"Furthermore, heavier warm-up devices did not provide greater bat velocity than the 'standard' bat or lighter devices," according to the new study, led by David J. Szymanski, PhD, CSCS*D, RSCC*D, of Louisiana Tech University, Ruston. They believe their results, combined with previous studies, have implications for recommended warm-up routines for batters in the on-deck circle.

Ten Different Warm-Up Devices Show No Difference in Bat Speed

In the study, 22 Division I college baseball players were tested using various devices designed for use in warming-up before batting. The devices ranged from a simple "donut ring," to weighted bat wraps and gloves, to special warm-up bats. The weight of the warm-up devices ranged from 22 to 96 ounces.

At each testing session, the players took three practice swings, as hard as possible, using one of the ten devices. Then, using a standard game bat (33 inches, 30 ounces), they hit a baseball off a tee, attempting to generate maximum bat velocity. A special device was used to measure the velocity of the bat head to see if any of the different warm-ups led to a significant change in bat speed.

Bat speed is thought to be an important component of hitting performance. "The idea is that swinging a heavy warm-up device in the on-deck circle will increase players’ bat velocity with their game bat when attempting to hit the baseball during an at-bat," Dr. Szymanski and co-authors explain. "If bat velocity is increased, this will allow the exit velocity of the batted ball to be greater, resulting in the baseball being hit farther."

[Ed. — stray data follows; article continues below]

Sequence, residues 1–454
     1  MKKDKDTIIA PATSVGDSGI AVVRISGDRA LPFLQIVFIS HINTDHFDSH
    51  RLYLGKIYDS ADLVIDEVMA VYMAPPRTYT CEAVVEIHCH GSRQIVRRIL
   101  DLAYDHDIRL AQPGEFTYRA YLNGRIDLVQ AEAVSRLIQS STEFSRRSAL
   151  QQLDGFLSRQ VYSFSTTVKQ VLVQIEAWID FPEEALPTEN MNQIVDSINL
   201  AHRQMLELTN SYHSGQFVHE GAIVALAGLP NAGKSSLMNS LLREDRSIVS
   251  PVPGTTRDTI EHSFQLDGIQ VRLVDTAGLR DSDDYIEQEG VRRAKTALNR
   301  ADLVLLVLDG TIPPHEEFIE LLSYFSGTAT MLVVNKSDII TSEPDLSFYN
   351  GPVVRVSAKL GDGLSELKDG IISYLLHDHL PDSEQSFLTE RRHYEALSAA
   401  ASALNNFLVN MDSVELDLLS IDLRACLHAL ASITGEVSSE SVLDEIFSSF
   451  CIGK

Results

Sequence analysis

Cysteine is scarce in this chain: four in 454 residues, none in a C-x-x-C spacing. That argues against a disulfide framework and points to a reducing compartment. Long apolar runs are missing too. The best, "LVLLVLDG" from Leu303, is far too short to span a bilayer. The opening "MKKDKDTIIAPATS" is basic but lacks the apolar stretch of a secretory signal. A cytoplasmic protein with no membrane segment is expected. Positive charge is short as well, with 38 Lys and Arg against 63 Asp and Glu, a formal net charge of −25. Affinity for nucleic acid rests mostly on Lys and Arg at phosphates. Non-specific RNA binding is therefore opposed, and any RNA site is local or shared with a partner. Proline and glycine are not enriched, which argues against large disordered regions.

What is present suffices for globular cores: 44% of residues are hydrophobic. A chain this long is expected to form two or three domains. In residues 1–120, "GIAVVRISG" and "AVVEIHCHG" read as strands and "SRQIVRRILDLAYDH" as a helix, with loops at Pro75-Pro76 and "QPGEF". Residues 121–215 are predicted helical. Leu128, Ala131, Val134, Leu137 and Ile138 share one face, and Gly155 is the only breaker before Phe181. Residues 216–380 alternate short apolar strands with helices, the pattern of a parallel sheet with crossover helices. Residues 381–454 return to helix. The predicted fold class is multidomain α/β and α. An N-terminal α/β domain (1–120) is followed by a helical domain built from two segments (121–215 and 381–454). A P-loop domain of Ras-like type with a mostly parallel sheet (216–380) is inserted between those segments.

In the study, however, none of the ten warm-up devices led to a significant increase (or decrease) in average bat velocity. Bat speed was no different when the players warmed up using heavier versus lighter devices, or with their usual game bat alone.
From Little League to the Big Leagues, batters in the on-deck circle use a variety of weighted devices to warm up for their turn at bat. Some previous studies have suggested that warming up with a heavier bat may lead to perceptual distortion, or a "kinesthetic aftereffect." Warming up with a weighted bat may make the standard bat feel lighter, providing the player with a psychological advantage.

However, the new report finds no evidence that any type of warm-up device affects objectively-measured bat velocity. "This study suggests that Division I intercollegiate players interested in having the highest bat velocity during a game at-bat can use any of the ten implements tested," Dr. Szymanski and co-authors write.
They note that their result differs from some previous baseball research—including a study by DeRenne and colleagues, which found that warming up with a weighted bat of plus or minus twelve percent (4 ounces) of game bat weight produced the greatest bat velocity (in high school players). Other studies have suggested that using a device that adds weight to the top of the bat, such as a donut or wrap, may actually slow bat speed. Dr. Szymanski comments, "Thus we'd suggest that, if players use a warm-up device, they should follow the recommendations of DeRenne and colleagues and use a weight within twelve percent of their standard game bat, and that the weight should be evenly distributed."